6/29/20097/6/2009SAN JOSE (one live RAW; one recorded RAW)
11/9/200911/9/2009ENGLAND (same day, tape delay)
4/12/20104/12/2010ENGLAND (same day, tape delay)
7/26/20108/2/2010ONE WEEK EARLY (one live RAW; one recorded RAW)
8/16/20108/23/2010ONE WEEK EARLY (one live RAW; one recorded RAW)
9/20/20109/27/2010ONE WEEK EARLY (one live RAW; one recorded RAW)
11/8/201011/8/2010ENGLAND (same day, tape delay)
4/18/20114/18/2011ENGLAND (same day, tape delay)
6/27/20117/4/2011ONE WEEK EARLY (one live RAW; one recorded RAW)
10/15/201110/17/2011MEXICO (recorded days earlier)
4/16/20124/16/2012ENGLAND (same day, tape delay)
11/5/201211/5/2012ENGLAND (same day, tape delay)
4/22/20134/22/2013ENGLAND (same day, tape delay)
Things that jump out:
- Since 2000, a quarter of all taped RAWs were taped in December
- 43% of the taped RAWs aired the same day, just on tape delay
- Between 2000 and 2007, the only RAWs that aired more than 3 days after they taped were Tribute for the Troops shows; meanwhile, there were six times between 2008 and 2012 that an episode of RAW aired a week after it was originally taped.
I ran a regression on "RAW rating" a function of several variables:
* 8-week trailing RAW rating average
* was there show taped? (1 or 0)
* was it a 3-hour RAW? (1 or 0)
* was it a the first RAW following a PPV? (1 or 0)
This simple regression would suggest a predictive formula (adjusted r-squared around 82%) of:
2000 to 2013 RAW Rating = 0.200 + 0.938x(8 week trailing RAW average rating) - 0.238x(was the show taped?) -.031x(is it a 3-hour RAW?) + 0.136x(is it a post-PPV RAW?)
Interestingly, the coefficient that has the highest p-value (making it statistically questionable) is the 3-hour RAW. Essentially, because 3-hour RAWs are now the norm, the meaningfulness of this variable is basically encapsulated in the trailing 8-week RAW rating average. (Or the 49 three-hour RAWs, only nine weren't part of this current consecutive run: 6/11/2012, 4/23/2012, 12/12/2011, 11/14/2011, 6/20/2011, 6/13/2011, 11/29/2010, 4/26/2010 and 10/3/2005).
So, this initial regression would suggest that a "taped" show impacts the show's rating negatively by about 0.24, which is a lot.
However, as I mention in the beginning - during 2000-2007, a taped RAW was mostly a Holiday RAW (in December) including Tribute to Troops shows, same day taped delay shows or aired within 3 days. I think the Holiday/December dates are tanking this calculation.
This leads to this inquiry paths: (1) Is there a more recent (2008-2013) trend around RAW ratings for tape delayed shows? (2) Does # of days since the tape delay affect the rating?
(1) What's the trend since 2008?
2008 to 2013 RAW Rating = 0.923 + 71.6%x(8 week trailing RAW average rating) - 0.180x(was the show taped?) -.096x(is it a 3-hour RAW?) + 0.126x(is it a post-PPV RAW?)
(All variables have a p-value of 0.03 or lower)
(2) Does # of days since the tape delay affect the rating?
2000 to 2013 Rating = 0.200 + 93.8%x(8 week trailing average) -0.10x(is the show taped?) -0.044x(how many days since it was taped?) + 0.138x(first RAW after a PPV?) -0.032x(is it a 3-hour RAW?)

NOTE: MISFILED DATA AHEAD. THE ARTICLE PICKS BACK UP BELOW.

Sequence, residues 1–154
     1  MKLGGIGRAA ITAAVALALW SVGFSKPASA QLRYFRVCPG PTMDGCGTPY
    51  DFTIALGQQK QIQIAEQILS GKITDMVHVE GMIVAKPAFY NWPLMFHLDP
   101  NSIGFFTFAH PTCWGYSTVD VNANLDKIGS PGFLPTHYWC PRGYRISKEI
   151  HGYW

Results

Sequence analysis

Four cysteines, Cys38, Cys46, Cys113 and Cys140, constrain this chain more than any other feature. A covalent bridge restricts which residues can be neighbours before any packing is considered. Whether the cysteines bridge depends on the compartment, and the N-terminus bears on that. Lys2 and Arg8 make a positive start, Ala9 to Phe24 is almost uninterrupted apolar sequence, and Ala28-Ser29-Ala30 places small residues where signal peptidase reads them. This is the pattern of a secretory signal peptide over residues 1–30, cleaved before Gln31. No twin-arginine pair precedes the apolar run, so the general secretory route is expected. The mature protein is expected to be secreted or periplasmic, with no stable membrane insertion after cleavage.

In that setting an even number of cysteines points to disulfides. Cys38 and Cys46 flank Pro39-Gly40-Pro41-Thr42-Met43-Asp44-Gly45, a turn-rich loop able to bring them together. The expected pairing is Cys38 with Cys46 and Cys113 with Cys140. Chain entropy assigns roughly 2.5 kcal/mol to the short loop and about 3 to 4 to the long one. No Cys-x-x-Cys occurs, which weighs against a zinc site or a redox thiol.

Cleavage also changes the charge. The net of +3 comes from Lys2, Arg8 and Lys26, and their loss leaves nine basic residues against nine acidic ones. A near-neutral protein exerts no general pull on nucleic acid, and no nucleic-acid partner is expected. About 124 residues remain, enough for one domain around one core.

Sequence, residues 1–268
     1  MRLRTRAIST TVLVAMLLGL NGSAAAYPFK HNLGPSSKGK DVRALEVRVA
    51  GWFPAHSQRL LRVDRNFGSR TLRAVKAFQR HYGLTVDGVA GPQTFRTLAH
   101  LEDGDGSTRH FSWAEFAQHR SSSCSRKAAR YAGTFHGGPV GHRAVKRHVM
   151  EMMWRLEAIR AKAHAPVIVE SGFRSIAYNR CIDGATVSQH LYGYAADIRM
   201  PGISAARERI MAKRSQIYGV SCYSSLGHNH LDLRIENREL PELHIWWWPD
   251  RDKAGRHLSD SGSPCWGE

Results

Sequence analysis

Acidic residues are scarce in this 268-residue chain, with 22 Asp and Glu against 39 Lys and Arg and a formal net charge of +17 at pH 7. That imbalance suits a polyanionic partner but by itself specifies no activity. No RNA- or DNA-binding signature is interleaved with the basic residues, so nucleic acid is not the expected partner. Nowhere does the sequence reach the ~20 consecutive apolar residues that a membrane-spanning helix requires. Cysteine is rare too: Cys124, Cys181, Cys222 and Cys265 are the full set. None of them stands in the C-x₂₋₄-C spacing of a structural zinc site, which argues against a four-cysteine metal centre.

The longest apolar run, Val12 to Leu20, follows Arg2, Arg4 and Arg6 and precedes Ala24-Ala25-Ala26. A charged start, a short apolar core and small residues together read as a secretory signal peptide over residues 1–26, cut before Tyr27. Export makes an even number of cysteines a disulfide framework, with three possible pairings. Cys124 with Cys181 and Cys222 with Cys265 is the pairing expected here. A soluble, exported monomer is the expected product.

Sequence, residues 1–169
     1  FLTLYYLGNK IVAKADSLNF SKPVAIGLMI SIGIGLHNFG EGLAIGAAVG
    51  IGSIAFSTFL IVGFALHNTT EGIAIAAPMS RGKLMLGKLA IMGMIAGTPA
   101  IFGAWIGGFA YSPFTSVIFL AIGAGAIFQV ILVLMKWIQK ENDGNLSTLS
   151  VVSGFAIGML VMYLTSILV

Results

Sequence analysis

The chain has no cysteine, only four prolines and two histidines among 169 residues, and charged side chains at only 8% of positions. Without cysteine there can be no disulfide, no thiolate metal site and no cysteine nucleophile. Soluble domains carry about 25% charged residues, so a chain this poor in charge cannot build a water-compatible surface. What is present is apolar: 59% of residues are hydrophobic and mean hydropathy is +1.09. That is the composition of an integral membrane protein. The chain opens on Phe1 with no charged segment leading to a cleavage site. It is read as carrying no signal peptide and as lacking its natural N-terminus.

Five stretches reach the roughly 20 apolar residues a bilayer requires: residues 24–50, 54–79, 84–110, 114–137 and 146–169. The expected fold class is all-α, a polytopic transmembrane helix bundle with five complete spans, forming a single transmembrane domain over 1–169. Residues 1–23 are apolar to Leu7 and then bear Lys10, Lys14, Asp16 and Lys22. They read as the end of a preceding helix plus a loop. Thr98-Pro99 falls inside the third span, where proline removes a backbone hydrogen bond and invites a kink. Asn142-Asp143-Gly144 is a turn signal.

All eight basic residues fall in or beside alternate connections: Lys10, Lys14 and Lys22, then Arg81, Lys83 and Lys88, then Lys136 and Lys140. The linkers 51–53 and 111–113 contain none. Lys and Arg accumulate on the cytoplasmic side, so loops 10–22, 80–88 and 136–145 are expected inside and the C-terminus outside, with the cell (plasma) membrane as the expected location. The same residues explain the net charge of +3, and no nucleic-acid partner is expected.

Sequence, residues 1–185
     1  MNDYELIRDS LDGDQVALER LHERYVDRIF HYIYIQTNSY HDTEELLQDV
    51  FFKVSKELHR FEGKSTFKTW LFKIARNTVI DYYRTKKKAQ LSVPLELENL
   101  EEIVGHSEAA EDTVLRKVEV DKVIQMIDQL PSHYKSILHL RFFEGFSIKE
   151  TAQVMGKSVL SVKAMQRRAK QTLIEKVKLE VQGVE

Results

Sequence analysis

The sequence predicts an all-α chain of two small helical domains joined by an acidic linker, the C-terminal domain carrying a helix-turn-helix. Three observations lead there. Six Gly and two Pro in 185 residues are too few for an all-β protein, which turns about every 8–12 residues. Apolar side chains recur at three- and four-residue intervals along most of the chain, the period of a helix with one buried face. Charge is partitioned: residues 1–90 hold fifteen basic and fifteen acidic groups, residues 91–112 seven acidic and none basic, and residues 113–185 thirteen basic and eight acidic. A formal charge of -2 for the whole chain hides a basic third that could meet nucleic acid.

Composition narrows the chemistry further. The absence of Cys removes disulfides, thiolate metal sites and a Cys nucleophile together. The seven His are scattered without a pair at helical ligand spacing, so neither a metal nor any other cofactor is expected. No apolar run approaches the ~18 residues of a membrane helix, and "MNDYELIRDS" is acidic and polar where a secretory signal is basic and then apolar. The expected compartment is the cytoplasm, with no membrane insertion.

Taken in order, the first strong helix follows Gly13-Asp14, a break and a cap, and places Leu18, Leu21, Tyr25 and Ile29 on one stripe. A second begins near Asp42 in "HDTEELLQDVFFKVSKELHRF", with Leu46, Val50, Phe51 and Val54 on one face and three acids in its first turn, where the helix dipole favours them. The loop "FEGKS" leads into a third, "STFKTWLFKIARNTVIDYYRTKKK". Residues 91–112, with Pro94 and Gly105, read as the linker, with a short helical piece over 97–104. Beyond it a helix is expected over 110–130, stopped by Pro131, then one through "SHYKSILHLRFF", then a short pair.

(Taped and 3-hour raw have high p-values in this one; taped is 0.15 and 3-hours is 0.55.)
2008 to 2013 Rating = 0.94 + 71.2%x(8 week trailing average) -0.14x(is the show taped?) -0.015x(how many days since it was taped?) + 0.126x(first RAW after a PPV?) -0.101x(is it a 3-hour RAW?)
(Days have a high p-value in this one of 0.39)
Conclusion: So, this would suggest that same-day taped delay shows in 2013 (i.e. from the UK) would be impacted by around a tenth of a rating point drop beyond expected Rating.
The model estimates that RAW should have been a 3.03 and it did a 3.1. (If it wasn't taped it "would" have been 3.17 supposedly.)
I don't believe that a tenth of a rating point is worth fretting about since talent appearance move the needle a lot more.
Q: Do the numbers change much if you look at 2008 onward and remove the holiday shows?
A: Not a lot.
I added a Holiday Variable which was triggered for the Christmas Eve, Christmas Day, New Year's Eve or New Year's Day, July 4th and Memorial Day.
Projected RAW Rating = 0.99 - (0.14)x(Was the show taped?) - 70%x(8 week Trailing RAW Average Rating) - (0.10)x(Is it a 3 hour RAW?) - (0.33)x(Is it a Holiday show?) + 0.12x(Is it the day after a PPV?)
(p-value for all variables was 0.02 or lower. Adjusted r-squared is only 0.46. Days variable wasn't statistically significant enough to keep in the model.)
So, this model suggest that taped shows do have a slightly ratings decrease (again, around -0.1 ratings point). However, the lowered r-squared (down to 46%) suggests to me that there is a lot of week-to-week ratings variation that isn't being explained by the variables - i.e. big character returns or other factors (televised competition) contribute a lot to whether you're gaining or losing viewers. The quarter-hour trends lend a lot to this because we've seen how certain people can hold an audience while others have shaky/consistent-loss track records.
In short, methinks people like to watch The Rock.
Post-script: Dave Meltzer noted that, "WWE actually did the exact same study internally last week. One thing noted is that the special shows that are expected to do better, day after Mania, day after Summer Slam, day after Rumble, appearance by major stars coming back, theme shows, are virtually always live. If you factor that out, and throw out the holiday shows which are going to do lower numbers, the difference between live and tape is very little."